Ad nauseum is a common misspelling of ad nauseam, even among careful writers. It’s a subtle enough error to slip past the copy editors of reputable publications (recently here, for example, until a commenter pointed it out). The wayward spelling ad nausea also appears, sometimes as a joke. I mentioned ad nauseam before, along with a mnemonic to commit the correct form to memory, but the prevalence of ad nauseum suggests the need for a dedicated post; some background information might help.
Ad nauseam is an adverbial phrase, clearly Latin: ad here means to; nauseam is nausea in the accusative. So ad nauseam means to (sea-)sickness, i.e., to a nauseating or sickening extent, often figurative for “to a very tiresome or boring degree”. To do anything ad nauseam is to be sick of doing it. The phrase is said to originate from argumentum ad nauseam, a term in logic similar in sense to argumentum ad infinitum. It has been used in English since the 17C.; there’s a slightly earlier form, usque ad nauseam or ad nauseam usque (all the way to nausea, i.e., to the point of nausea), which is rarely encountered nowadays.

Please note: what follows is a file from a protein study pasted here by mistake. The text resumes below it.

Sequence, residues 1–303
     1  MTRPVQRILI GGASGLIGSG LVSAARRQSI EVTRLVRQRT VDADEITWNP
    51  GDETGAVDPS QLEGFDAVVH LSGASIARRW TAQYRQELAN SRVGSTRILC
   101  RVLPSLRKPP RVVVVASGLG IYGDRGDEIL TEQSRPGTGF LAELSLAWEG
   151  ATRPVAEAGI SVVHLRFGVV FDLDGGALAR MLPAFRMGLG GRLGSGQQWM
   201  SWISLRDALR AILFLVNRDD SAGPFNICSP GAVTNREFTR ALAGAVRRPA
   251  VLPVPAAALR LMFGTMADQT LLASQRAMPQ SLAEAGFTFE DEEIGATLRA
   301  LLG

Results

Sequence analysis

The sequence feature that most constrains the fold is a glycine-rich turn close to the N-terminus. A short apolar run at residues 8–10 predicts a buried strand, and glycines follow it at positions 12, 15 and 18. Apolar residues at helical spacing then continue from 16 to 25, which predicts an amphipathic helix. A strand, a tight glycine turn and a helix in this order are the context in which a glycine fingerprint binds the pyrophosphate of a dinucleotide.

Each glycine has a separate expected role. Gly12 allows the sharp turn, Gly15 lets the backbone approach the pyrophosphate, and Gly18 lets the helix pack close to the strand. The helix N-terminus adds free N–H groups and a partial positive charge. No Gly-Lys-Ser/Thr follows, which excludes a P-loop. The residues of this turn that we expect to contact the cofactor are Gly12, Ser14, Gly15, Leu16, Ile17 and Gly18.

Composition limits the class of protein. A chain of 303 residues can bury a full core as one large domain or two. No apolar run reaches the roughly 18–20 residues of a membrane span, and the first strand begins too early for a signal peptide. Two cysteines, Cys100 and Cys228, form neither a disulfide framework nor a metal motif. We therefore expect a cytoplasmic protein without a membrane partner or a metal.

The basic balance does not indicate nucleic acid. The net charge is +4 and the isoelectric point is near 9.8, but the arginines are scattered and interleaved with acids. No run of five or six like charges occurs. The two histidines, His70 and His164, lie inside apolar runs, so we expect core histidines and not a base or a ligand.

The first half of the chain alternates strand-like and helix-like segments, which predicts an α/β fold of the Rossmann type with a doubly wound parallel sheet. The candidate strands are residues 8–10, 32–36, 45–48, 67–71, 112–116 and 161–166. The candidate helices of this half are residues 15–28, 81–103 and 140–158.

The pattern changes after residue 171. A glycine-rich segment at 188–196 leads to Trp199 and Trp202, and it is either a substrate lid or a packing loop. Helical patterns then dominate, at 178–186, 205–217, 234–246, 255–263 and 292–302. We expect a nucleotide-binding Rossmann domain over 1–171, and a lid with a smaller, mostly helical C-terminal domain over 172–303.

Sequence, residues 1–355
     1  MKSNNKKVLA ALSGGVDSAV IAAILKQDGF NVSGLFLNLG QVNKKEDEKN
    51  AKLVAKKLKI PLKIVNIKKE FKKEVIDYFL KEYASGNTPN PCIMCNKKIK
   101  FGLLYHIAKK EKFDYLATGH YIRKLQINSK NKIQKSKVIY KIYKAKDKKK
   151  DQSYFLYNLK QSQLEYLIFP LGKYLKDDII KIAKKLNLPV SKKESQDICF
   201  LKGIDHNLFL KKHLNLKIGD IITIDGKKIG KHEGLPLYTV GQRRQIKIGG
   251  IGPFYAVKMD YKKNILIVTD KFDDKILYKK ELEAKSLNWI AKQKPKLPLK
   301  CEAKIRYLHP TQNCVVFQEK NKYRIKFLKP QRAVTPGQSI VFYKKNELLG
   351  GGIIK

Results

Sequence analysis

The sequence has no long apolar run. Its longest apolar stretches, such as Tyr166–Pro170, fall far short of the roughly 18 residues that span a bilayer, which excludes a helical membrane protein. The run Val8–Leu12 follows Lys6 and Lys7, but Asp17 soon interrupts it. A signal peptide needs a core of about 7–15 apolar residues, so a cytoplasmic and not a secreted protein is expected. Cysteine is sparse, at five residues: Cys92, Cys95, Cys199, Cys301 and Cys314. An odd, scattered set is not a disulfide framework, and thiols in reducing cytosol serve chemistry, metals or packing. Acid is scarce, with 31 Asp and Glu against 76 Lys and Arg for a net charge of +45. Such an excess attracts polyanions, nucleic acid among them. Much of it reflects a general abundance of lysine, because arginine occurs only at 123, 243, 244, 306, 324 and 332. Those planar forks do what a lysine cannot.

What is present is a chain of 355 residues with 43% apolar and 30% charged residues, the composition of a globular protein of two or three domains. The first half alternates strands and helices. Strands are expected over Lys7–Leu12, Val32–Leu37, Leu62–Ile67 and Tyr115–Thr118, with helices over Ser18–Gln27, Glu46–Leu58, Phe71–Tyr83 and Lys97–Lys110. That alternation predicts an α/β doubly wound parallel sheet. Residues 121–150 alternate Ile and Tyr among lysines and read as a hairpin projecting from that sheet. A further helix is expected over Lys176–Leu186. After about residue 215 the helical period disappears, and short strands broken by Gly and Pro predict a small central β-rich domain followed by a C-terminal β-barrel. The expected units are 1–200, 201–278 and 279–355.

The difficulty with spelling ad nauseam probably results partly from its Latin origin: we recognise its Latin-ness but associate the language more with -um endings. There’s also the indistinct pronunciation: though it’s correctly pronounced /ad ‘nɔːzɪam, -sɪam/, the closing /-am/ is often rendered as /-ɘm/. The unstressed vowel sound ɘ is a schwa, known in Spelling Bee circles as “the dreaded schwa” because it’s so difficult to guess which vowel lies behind it. Thus it is with ad nauseam. To remember the spelling, think of nausea. Or more elaborately, say to yourself: “I am nauseated not to know.” If you think it might be -um, consider ummm a hint that you should keep wondering about it another moment, until you think: “Ah! Now I am sure: it’s ad nauseam.”
Google search hits shouldn’t be taken literally, but they can offer a crude indication of popularity; and a comparison today shows the erroneous form topping the traditional by 530,000 to 476,000. I could say I see ad nauseum ad nauseam, but that would be an overstatement. (Not that there’s anything inherently wrong with exaggeration.) It’s possible that ad nauseum will eventually be accepted as standard — English is not Latin, after all — but for now I advise the use of the standard spelling ad nauseam.